How does your personality affect how you learn languages?

I think if you’re serious and motivated and interested in different peoples, different cultures, and different histories. At least I am and that is a large part of my motivation for learning languages. I think personality wise I’m not afraid to speak and make mistakes and I think that helps me. I’m confident that I can learn these languages, so that helps me.

Listening Comprehension: An Important Language Skill

Next question—

Do you prefer learning languages in a class or individually?

Not even close. I don’t like going to class. I only learn individually.

What are your favorite language-learning materials?

Well, when we start I use beginner stuff, but as soon as possible I try to get into things that interest me, which is very often history, politics, things of that nature, and then somewhat later literature.

How much time do you spend actively learning per day?

I would think about an hour a day and, if I get motivated, on a weekend it can become two or three hours.

Next question—

What are your short-term and long-term language learning goals?

My short-term goal is to develop enough knowledge of Korean, largely through my passive listening and reading and some talking, so that in six months from now I can go to Korea, spend a couple of weeks and really convert that passive knowledge into something approaching fluency in Korean.

A longer-term goal is I want to find the time to get back at the languages that I have already learned, including the most recent ones, Russian, Czech, Portuguese and so forth, and even some of my old favorites like Chinese and Japanese and improve in all of them. The way I improve is listening and reading and, of course, using LingQ to increase my vocabulary.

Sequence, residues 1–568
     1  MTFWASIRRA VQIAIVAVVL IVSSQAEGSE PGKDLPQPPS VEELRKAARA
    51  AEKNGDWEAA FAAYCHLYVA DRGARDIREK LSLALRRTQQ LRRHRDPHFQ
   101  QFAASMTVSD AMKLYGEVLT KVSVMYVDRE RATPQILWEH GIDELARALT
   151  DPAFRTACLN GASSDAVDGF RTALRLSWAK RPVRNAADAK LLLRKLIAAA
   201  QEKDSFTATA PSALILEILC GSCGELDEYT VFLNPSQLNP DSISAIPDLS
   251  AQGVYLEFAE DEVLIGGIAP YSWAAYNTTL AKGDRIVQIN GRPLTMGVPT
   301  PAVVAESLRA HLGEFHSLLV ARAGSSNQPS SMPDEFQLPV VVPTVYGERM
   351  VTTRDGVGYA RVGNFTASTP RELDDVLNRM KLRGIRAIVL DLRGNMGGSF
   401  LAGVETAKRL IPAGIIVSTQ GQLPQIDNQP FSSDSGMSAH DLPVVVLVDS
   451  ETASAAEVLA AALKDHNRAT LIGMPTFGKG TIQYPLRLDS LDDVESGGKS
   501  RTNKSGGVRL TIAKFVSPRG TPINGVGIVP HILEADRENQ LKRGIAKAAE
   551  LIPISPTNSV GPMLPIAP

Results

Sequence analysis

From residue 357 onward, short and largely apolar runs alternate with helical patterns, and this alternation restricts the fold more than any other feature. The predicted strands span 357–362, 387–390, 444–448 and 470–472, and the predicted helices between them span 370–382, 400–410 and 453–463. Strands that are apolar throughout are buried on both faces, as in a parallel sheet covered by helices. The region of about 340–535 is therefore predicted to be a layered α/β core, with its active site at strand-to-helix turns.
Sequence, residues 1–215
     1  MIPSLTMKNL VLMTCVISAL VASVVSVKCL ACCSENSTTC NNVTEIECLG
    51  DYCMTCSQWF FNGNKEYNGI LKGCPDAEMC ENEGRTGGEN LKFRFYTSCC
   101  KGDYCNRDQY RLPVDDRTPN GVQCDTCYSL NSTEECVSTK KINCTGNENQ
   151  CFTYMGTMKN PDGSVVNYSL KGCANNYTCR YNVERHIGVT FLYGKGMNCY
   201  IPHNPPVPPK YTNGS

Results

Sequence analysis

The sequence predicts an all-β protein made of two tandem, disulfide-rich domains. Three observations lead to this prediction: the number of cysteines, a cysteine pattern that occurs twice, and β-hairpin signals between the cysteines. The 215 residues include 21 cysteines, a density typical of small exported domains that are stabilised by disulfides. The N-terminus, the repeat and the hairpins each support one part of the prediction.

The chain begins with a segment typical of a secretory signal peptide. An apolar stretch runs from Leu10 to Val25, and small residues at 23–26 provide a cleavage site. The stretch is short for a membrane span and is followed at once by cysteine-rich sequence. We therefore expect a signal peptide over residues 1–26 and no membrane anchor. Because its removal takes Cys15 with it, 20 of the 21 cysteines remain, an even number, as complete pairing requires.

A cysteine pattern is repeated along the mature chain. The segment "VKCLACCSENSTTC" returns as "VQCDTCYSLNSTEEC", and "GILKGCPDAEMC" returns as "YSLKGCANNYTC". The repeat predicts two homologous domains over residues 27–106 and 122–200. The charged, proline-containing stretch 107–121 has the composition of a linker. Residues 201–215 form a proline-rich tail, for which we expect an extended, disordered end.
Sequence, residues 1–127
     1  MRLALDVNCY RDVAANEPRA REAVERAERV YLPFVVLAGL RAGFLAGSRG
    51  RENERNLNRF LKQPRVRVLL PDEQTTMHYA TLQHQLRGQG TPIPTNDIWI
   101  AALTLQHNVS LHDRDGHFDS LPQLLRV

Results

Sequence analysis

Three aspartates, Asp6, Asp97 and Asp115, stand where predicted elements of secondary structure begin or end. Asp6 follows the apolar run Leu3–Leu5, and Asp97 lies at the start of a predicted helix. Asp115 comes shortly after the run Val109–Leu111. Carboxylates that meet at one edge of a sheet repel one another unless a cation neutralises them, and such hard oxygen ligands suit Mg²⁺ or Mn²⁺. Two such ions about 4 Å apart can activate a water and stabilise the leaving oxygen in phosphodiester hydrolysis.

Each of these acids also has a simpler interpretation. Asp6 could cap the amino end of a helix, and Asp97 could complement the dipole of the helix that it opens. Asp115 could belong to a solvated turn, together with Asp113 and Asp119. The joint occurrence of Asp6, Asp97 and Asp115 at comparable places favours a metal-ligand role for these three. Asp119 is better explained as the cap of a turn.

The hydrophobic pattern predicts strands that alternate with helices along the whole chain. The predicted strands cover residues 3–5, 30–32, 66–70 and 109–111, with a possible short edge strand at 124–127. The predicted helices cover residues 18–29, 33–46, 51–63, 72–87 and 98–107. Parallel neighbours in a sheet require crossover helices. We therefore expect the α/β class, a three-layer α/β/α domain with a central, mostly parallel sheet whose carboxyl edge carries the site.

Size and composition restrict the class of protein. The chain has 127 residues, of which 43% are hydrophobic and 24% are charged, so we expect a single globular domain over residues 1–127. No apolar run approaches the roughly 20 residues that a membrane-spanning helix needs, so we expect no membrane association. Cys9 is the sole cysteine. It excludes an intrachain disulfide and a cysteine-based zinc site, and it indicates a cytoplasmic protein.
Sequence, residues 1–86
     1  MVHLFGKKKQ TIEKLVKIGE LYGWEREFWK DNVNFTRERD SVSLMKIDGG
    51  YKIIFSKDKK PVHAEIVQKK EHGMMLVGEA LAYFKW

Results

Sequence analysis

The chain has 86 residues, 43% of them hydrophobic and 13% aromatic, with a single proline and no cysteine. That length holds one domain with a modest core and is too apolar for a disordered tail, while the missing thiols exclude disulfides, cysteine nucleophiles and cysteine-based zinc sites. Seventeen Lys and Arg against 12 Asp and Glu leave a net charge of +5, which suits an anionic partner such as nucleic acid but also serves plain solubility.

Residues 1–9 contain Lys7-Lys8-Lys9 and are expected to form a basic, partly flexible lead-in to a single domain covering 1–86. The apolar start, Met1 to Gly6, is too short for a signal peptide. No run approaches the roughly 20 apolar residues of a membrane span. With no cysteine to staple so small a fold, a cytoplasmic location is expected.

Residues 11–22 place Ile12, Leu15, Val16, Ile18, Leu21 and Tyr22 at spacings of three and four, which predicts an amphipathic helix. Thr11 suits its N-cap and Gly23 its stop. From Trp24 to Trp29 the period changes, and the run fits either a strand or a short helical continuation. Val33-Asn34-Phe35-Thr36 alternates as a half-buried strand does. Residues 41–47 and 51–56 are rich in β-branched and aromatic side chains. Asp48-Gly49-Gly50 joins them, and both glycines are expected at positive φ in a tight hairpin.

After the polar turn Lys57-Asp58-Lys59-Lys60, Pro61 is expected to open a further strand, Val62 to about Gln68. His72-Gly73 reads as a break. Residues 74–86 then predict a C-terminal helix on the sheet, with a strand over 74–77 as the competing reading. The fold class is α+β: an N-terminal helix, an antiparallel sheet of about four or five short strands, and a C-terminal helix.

What is your favorite language?

I guess my favorite language is very often the one that I just left. Like right now it’s very difficult for me to leave Czech and do Korean. When I was starting into Czech, I found it very difficult to leave Russian to get into Korean. So I tend to get very much committed to the language that I’m learning.

What is the next language you want to learn?

I don’t know. The more languages I learn, the more difficult it is to find the time to enjoy them all, but I guess Arabic would be high on the list, Arabic, Turkish, because I know so little about the Middle East and Central Asia and that area.

What advice can you give new language learners?

Enjoy. Enjoy the process so that you put in enough time. That would be one, do things that you enjoy doing. Second of all, be independent. Therefore, seek out content, lessons and material that is of interest to you and, when you are learning, learn to notice what’s happening in the language. Seek things out in the language, not only words, but patterns. You have to take the initiative to discover the language.